Already you are chewing your finger-nails. STOP THIS AT ONCE!!! I remember a chap who did that and by the time he was due to play he was gazing despondently into space and nibbling at the frayed stump of his right wrist. The hands of the clock creep remorselessly round and suddenly a haggard-looking young man, with a French-English : English-French dictionary and straggling moustache comes to tell you that you are "on" in two minutes.

Get your Accordion strapped on and STOP BITING YOUR NAILS!!!! You’re on! You’re ACTUALLY on!! The stage stretches away into the far distance and that sea of faces looks remarkably like a row of cods’ heads on a fishmonger’s slab. IT IS A ROW OF COD’S HEADS! No, it isn’t - it’s the audience! Somebody is waving to you and saying to her neigbout, "Look Flo, it’s our Harry. Good old Harry boy!" Don’t wave back, it’s bad form and besides the organisers might think you want to leave. You DO want to leave? But you CAN’T! You’re on - alone. You see a shape in front of you. It looks like - no, it can’t be - but it - no, it isn’t - yes it is! Its a microphone leering at you.


Naturally, the preceding player was a giant of some seven feet high and so the mike head is way above you. You begin laboriously climbing up the swaying structure, vaguely wondering whether you can hold on with your feet while you play. Then the haggard young man runs across the stage and explains that the little screw on the side of the stand is to lower it. You fumble with this screw and wish that you had a pair of pliers on you. OOOPS! The mike crashes down on your fingers and everybody giggles. Everybody, that is, except you. YOU want a drink, YOU want your mum. You want, passionately, to be sick.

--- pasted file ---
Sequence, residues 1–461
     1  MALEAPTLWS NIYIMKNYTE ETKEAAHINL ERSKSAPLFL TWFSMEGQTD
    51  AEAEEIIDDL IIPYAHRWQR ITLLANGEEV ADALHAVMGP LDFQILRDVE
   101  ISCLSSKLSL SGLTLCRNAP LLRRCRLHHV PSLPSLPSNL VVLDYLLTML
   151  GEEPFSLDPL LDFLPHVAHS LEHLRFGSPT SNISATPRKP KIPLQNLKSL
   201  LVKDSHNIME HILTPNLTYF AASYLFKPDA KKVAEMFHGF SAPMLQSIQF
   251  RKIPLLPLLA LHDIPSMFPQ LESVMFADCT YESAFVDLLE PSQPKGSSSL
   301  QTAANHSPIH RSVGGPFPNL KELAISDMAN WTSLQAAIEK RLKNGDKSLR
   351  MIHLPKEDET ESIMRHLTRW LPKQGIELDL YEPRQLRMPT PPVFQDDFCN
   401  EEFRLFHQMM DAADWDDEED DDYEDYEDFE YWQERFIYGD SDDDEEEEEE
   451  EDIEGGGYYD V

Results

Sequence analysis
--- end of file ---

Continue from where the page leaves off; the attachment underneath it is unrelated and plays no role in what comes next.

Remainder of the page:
You have the mike there, your Accordion at the ready and the Test Piece is hovering around in the back of your mind. Now, how does it go? Oh yes - you pull eastwards like blazes, determined to startle the audience out of their somnulence. You spin round and fall flat on your bellows. You pick yourself up and undo your bellows-straps. The crowd out front is getting restless. Somebody crackles a bag of potato crisps and you can faintly hear another competitor in the back room playing the test piece faultlessly.

THE TEST PIECE! You come back to earth with a start - go on, PLAY! You stumble blindly from the platform after giving a terrible rendering - wrong coupler-changes at the second time bar on page two - you fluffed that simple bass run - your right hand seemed to turn into a claw on the chromatic run. Everyone on the side of that stage is giving you sickly grins. The’re glaoting over you!


You realise it’s all over and go back to the Competitors’ Room. People nudge each other, look at you as if you either have the plague or are the world champion (this latter applies, of course, to the "Under-Four contestants).

Every contestant who plays after you is SUPERB- perfect in phrasing - clear staccato bass runs- Chromatic treble runs that flow smoothly from under controlled fingers. Then it’s the end of the contest and they are waiting for the winners to be anounced. You spot the nearest Exit and begin making your plan of escape, when, faintly, as if from a long way off, you hear your name being spoken.

You whirl round ready to defend your honor and quickly think up all the excuses you can. But everyone is clapping and pointing at you!! No, not that! Derision! You cannot bear it! And then, it dawns on you. "Go on Harry, get yer pot!!!" you’ve WON!! Excuse me while I faint.